All our books at Sporting Chance Press convey positive values. The idea behind Sporting Chance Press is to produce books that do convey something worthwhile, something that will make the world a better place even if it is in a very small way. It helps to connect the dots from the various sports activities to the values to get the benefit.
In our book, The 10 Commandments of Baseball, the connection is very direct in that the book is about Joe McCarthy's baseball principles that can easily be applied to life. The author, J.D. Thorne, has given dozens of presentations on the baseball commandments and the fascinating people whose lives illustrate these principles. He's been to schools, community groups, clubs, churches and synagogues with his entertaining message.
Perhaps even more easily seen is the value proposition in Patrick McCaskey's book, Sports and Faith. Unlike the other Sporting Chance Press books, Pat's slant is specifically Christian because it is entirely personal to his life and religious commitment. Pat's subjects demonstrate value in their lives, from Coach Wayne Gordon who founded the Lawndale Community Church to Father Ignatius McDermott, the "Skid Row" Priest. He often features people doing their best for those who are the least fortunate around us.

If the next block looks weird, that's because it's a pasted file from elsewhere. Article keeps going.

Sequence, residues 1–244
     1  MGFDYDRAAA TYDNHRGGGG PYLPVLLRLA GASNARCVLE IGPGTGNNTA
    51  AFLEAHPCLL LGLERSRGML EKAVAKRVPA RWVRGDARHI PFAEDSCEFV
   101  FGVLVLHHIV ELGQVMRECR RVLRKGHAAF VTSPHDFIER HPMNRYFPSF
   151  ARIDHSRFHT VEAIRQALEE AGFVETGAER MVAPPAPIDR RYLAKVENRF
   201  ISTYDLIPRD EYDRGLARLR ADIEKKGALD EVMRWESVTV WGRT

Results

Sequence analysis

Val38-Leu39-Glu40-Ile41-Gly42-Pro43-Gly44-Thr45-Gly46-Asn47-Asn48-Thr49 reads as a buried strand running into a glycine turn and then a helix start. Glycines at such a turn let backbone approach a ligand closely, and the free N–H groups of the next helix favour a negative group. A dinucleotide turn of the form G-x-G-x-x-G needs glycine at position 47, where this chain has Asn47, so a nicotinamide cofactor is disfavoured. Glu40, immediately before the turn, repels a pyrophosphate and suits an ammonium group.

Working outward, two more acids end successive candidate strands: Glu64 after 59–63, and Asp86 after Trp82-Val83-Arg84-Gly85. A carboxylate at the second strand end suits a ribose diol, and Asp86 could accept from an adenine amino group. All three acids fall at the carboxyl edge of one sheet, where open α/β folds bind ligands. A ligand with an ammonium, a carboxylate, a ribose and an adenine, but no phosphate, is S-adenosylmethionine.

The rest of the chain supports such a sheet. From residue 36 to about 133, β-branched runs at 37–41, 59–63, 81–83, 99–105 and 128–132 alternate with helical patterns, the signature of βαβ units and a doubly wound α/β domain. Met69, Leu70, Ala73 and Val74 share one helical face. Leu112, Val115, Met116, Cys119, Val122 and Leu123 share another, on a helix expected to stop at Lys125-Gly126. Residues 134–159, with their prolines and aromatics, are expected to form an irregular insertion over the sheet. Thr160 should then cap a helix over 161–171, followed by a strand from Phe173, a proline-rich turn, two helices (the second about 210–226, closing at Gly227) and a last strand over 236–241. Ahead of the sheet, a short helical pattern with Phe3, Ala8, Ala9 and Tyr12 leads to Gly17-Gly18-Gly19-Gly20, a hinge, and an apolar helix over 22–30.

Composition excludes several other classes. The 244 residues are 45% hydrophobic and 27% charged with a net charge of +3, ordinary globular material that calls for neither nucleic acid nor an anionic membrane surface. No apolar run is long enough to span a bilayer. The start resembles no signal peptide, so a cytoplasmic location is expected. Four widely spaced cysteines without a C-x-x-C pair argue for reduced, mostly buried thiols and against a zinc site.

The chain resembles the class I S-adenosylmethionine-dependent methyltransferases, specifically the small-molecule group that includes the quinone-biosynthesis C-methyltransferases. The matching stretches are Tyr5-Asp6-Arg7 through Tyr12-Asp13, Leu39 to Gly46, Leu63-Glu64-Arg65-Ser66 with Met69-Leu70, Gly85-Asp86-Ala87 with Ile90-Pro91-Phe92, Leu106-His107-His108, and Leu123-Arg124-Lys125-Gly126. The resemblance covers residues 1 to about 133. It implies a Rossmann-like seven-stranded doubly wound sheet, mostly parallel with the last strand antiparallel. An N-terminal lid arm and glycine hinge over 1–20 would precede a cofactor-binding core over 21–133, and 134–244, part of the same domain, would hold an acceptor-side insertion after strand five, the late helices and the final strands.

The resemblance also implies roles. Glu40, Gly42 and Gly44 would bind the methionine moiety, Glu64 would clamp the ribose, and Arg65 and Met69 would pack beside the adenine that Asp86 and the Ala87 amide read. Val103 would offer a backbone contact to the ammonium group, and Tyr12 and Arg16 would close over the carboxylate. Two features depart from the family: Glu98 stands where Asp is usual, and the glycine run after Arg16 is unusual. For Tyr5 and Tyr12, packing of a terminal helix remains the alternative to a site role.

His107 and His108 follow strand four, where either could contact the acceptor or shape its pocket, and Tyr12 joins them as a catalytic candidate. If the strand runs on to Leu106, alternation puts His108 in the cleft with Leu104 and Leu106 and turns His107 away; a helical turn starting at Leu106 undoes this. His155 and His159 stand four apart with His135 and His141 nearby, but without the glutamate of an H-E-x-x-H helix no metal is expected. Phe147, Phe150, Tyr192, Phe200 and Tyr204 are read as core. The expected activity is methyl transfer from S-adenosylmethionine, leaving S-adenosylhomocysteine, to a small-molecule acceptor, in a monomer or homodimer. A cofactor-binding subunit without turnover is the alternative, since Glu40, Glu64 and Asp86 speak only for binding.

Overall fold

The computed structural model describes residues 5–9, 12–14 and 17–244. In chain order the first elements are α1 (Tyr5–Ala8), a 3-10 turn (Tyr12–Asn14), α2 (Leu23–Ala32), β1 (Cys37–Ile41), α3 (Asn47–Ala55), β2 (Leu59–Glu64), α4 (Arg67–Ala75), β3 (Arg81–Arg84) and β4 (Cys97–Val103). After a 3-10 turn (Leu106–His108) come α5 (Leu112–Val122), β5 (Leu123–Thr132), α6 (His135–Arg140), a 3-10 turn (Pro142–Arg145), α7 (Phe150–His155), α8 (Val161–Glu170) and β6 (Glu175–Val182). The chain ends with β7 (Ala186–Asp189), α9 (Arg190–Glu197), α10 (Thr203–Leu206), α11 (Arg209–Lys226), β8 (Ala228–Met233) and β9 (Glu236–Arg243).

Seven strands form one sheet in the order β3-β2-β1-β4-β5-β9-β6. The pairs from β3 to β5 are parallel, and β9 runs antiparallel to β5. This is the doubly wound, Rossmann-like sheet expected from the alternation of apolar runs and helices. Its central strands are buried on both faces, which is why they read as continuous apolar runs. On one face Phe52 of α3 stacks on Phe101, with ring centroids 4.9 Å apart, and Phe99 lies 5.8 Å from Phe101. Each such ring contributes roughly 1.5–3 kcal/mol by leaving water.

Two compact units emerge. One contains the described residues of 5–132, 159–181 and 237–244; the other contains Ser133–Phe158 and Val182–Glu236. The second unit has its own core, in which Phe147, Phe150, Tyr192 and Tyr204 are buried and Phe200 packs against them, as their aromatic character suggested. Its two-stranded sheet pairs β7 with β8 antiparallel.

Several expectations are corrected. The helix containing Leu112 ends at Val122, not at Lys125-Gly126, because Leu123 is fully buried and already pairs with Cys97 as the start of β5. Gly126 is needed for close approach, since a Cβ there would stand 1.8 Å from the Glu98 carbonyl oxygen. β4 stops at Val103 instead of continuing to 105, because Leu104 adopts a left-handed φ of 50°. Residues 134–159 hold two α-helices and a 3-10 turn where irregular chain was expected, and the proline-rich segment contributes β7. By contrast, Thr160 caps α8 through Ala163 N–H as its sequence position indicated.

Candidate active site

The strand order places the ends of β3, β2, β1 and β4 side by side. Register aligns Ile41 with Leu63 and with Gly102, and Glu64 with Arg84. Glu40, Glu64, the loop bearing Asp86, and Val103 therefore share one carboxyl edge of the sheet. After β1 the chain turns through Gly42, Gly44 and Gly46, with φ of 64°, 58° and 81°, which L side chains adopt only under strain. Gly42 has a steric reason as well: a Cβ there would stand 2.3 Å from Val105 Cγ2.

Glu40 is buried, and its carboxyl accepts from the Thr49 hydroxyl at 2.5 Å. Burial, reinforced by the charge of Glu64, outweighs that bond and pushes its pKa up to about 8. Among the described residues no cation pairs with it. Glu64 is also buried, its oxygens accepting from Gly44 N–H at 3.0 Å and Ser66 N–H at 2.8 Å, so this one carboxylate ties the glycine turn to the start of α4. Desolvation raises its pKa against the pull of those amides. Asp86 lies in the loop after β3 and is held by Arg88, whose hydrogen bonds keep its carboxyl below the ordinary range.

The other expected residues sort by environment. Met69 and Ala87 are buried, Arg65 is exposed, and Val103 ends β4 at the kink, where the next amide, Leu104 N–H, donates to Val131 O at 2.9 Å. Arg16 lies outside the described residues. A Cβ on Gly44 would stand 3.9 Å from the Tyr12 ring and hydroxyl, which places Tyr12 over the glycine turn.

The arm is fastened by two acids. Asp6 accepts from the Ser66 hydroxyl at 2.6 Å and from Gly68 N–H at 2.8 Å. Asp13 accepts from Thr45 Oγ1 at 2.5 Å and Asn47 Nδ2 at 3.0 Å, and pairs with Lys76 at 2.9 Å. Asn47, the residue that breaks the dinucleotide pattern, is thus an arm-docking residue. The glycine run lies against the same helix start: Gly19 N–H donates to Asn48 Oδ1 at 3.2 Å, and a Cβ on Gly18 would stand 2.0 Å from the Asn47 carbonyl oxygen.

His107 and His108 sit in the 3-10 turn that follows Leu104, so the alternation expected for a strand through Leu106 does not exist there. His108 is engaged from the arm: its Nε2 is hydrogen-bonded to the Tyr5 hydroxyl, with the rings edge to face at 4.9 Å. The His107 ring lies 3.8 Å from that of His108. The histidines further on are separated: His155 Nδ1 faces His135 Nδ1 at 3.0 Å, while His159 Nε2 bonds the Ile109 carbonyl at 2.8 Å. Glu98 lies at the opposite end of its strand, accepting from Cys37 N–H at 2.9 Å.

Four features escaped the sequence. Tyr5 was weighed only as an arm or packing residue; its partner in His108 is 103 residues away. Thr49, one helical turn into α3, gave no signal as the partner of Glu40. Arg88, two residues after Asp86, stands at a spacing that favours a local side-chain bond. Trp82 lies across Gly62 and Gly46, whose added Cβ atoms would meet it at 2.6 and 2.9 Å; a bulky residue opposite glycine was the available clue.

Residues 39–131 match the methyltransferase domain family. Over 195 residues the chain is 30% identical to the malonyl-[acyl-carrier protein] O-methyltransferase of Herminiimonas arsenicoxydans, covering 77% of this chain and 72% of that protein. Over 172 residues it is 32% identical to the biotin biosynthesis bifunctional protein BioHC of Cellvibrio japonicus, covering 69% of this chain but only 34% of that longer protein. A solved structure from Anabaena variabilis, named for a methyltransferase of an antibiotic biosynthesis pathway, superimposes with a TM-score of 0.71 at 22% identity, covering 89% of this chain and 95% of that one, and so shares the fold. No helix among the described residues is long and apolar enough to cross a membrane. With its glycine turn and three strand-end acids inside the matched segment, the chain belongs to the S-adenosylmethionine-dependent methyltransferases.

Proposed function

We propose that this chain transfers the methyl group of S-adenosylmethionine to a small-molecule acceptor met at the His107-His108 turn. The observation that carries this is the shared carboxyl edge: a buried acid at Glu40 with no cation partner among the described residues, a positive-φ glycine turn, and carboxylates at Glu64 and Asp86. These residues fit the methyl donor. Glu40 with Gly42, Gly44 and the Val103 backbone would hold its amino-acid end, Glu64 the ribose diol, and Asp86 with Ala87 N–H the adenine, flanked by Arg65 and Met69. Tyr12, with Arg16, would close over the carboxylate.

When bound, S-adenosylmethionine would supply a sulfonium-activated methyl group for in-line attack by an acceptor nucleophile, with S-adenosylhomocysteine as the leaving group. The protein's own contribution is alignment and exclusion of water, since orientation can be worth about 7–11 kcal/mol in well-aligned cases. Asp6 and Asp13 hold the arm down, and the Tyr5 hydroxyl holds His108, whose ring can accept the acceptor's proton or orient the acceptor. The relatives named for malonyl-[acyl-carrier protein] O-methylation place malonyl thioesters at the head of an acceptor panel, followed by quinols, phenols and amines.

In Public Bonehead, Private Hero, Mike Cameron examines Fred Merkle's "character assassination" in 1906 when he was labeled 'bonehead" by the press after his performance on the baseball diamond in a critical game. It may have been 1906, but the story couldn't be more timely when we look out a world that continues to haze, bully, and unjustly criticize others. The harm is especially wrong-headed when it is done for a kind of perverted entertainment value. Mike Cameron's fascinating story of good man who faced endless unfair criticism, discloses the harm that we do when we pass along unjust criticism of others and engage in name-calling.
You have to get into Maddie Takes the Ice a little deeper to appreciate the positive messages from this middle grade book.In this way the book avoids turning its highly sensitive audience off. We all know stories about "misfit" kids who are maligned by their peers. In Maddie, Nicolette House explores the world of someone who is not odd or an ugly duckling, foolish or forgetful. In fact, Maddie is a good student, an excellent athlete, and she comes from an excellent home. She is hard working in both figure skating and schoolwork. But the author shows that even in such a positive environment, a young athlete opens herself up to certain pressures, petty jealousies, and other challenges when she attempts to achieve something exceptional. The pressure Maddie puts upon herself is oppressive and it starts to impact her in unhealthy ways. In the end, she learns to seek help from those who are closest to her. She opens up to her mom and her coach, and it makes a big difference in her life.